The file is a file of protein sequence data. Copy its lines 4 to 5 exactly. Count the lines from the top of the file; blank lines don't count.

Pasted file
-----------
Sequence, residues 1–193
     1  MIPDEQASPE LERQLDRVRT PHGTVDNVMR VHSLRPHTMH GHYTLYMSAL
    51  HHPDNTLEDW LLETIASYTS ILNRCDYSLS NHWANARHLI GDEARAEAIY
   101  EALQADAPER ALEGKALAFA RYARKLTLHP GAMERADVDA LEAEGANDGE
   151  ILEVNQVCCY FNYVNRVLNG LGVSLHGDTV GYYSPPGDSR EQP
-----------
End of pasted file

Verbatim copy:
   101  EALQADAPER ALEGKALAFA RYARKLTLHP GAMERADVDA LEAEGANDGE
   151  ILEVNQVCCY FNYVNRVLNG LGVSLHGDTV GYYSPPGDSR EQP